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California has changed its state health insurance rules to require that churches pay for elective abortions, drawing protest from some of the largest pro-life legal teams in the nation and a formal complaint.

“Forcing a church to be party to elective abortion is one of the utmost-imaginable assaults on our most fundamental American freedoms,” said Alliance Defending Freedom Senior Counsel Casey Mattox.

Mattox said California “is flagrantly violating the federal law that protects employers from being forced into having abortion in their health insurance plans.”

“No state can blatantly ignore federal law and think that it should continue to receive taxpayer money,” he said.

The case is just the latest in recent months against aggressive federal and state government efforts to force religious individuals and organizations to fund abortion, including through Obamacare.

The U.S. Supreme Court ruled in a previous case that owners of some companies cannot be forced to adhere to Obamacare’s requirement that they fund abortion-causing drugs, in violation of their religious beliefs.

In the California case, seven churches filed a formal complaint Thursday with the U.S. Department of Health and Human Services’ Office for Civil Rights calling abortion “a grave moral evil” and objecting to “being morally complicit through the provision of insurance coverage for abortion to their employees.”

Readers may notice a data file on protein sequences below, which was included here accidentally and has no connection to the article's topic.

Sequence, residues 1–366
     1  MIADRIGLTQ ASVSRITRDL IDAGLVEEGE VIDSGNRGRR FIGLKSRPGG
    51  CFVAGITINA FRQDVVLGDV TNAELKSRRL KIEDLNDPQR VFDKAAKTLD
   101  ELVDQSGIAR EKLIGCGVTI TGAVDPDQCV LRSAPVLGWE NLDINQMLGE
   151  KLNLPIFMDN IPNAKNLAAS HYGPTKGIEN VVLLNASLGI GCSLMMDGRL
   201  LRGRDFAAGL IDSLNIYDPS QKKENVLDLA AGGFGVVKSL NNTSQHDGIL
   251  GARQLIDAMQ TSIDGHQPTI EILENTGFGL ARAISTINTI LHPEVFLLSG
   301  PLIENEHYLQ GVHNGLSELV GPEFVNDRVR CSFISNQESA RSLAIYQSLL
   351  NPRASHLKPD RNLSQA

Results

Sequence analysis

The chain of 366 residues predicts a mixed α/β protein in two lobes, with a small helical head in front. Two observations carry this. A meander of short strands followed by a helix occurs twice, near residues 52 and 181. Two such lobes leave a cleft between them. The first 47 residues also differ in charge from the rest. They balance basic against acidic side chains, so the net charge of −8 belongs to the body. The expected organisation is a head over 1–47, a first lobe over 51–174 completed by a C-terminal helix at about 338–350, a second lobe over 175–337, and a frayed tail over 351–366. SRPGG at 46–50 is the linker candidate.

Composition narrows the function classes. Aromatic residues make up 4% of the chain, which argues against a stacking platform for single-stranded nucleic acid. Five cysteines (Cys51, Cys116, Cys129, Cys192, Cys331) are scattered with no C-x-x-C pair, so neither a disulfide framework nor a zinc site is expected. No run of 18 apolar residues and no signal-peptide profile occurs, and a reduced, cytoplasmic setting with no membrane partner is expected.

The complaint cites a letter from the California Department of Managed Health Care to private health care insurers declaring “all health care plans issued in California must immediately cover elective abortions.”

“The insurers were instructed to amend their policies to remove any limitations on health coverage for abortions, such as excluding coverage for ‘voluntary’ or ‘elective’ abortions or limiting coverage to ‘therapeutic’ or ‘medically necessary’ abortions,” explains the complaint, which is joined by the Life Legal Defense Foundation.

“Insurers have confirmed to some of the churches that these changes have already been made in their plans over their objections,” the letter says.

But the state refused to include an exemption for “religious employers.”

“This directive of the DMHC constitutes unlawful discrimination against a health care entity,” the letter said. “DMHC is ‘subject[ing] complainants’ ‘health insurance plan’ ‘to discrimination,’ by denying its approval of the plan that omitted elective abortions, solely ‘on the basis that the [plan] does not … provide coverage of … abortions.'”

Such discrimination would disqualify the state from federal funds, the letter contended.

“The need to remedy this discrimination is urgent because it is immediately forcing complainants to offer their employees a health plan that includes elective abortions,” the letter said.

A previous letter to the state about the issue brought only a response from DMHC director Shelley Rouillard that re-stated the agency’s demands.

LLDF Legal Director Catherine Short said the DMHC “created this abortion mandate in response to political pressure from the abortion lobby.”

“DMHC would have us believe that, while the legislature exempted these churches from the state’s contraceptive coverage mandate, it nonetheless intended to force them to cover all abortions under the rubric of ‘basic health care,” Short said.

“This move was a pure power play, and we trust that the Department of Health and Human Services will take the necessary steps to bring the state into compliance with federal law.”

 

 

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